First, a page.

>The Witch

As soon as her feet touched the ground, she carefully lifted her excited little puppy out of her handlebar basket and put him down on the grass. She chucked the bike aside and followed the black, woolly bundle into the woods.

Together they ventured into a carpet of anemones, the little girl as elegant as a ballet dancer, the dog in a clumsy gallop. He trundled along over tree roots, barking enthusiastically while enticing her further in among the dense trees. Laughing and shouting she whirled around until the world turned into blurred streaks of colour. Dizzy, she threw herself face down among the flowers, burying her nose in the white petals oblivious of the yellow freckles that dotted her face.

Tired but happy she lay down in the white and green world. It would soon be time to return home, though. She called the dog which was peeing on straddling bow-legs; it hadn´t even learned to cock its leg yet. Automatically she patted her pocket to check if her key was still there.


She sped around in the clearing, in and out among naked beech trees, bent like an old orang-utan, brushing the anemones aside with her hands. Where had she been? But they had been everywhere! The sun was setting among the tree tops so now she would be in for trouble. The playful puppy ran between her legs and made her tumble down into a ditch. She sprained her ankle and landed head first in a stinking puddle. The dog fell on top of her, and in a fright she yelled at him to move.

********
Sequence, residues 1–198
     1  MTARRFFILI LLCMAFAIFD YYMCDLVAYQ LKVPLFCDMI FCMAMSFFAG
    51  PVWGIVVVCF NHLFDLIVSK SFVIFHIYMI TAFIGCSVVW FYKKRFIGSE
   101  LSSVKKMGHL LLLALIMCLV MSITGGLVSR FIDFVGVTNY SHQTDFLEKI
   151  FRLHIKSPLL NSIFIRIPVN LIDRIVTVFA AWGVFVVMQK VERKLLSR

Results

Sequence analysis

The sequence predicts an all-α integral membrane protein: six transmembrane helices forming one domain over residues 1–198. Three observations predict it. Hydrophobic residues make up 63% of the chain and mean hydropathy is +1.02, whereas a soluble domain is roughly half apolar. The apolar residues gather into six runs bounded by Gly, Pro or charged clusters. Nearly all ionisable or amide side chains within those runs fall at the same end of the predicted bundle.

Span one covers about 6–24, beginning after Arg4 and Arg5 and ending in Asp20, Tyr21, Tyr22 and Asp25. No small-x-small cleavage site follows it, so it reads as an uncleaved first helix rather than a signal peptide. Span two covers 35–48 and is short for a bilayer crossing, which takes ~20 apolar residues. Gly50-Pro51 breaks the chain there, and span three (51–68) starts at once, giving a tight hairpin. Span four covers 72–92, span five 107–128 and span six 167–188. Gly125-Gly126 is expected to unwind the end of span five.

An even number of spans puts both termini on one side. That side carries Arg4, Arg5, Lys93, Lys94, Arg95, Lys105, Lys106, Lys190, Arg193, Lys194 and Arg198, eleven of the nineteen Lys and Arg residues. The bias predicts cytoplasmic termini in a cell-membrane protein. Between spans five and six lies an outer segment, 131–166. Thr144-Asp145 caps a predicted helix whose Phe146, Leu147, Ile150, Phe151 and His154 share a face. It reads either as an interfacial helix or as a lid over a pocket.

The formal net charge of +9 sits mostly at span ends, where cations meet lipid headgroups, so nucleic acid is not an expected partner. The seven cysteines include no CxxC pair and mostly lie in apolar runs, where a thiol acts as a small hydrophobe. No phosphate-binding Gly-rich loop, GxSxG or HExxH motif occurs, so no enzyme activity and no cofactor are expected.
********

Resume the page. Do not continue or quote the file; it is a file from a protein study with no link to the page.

In her struggle to get up she grabbed a tree root sticking out of the slope. It came loose, and she sat down in the mud again. Her heart throbbing, she realized she was holding a long, grey bone in her hand. It looked like … She flung it away, and caught sight of the witch who stood above the ditch glaring at her.


“Now, you thought that it was a real, human skeleton.” The witch cackled with pleasure behind her steaming tea mug. She had long, yellowish nails, but at a close range she didn´t look the least scary. She had probably just been digging in the garden.

“Of course I didn´t!” The girl took a curious look at the old-fashioned kitchen. She had never been inside a cottage remotely like this one before.

She spread a thick layer of blackberry jam on her fourth pancake and took a giant mouthful. Now there was no reason to admit how scared she had been out there. The witch was really kind, and it wasn´t her fault that her brother had disappeared around here last year. The witch had even promised to drive her home soon and tell daddy he mustn´t scold her for losing her bicycle key again.

“May I have another pancake?”

The witch didn´t seem to hear her. She was busy stoking the huge oven.


About Dorte Hummelshøj Jakobsen

I am a Danish teacher. In my spare time I read, write and review crime fiction.
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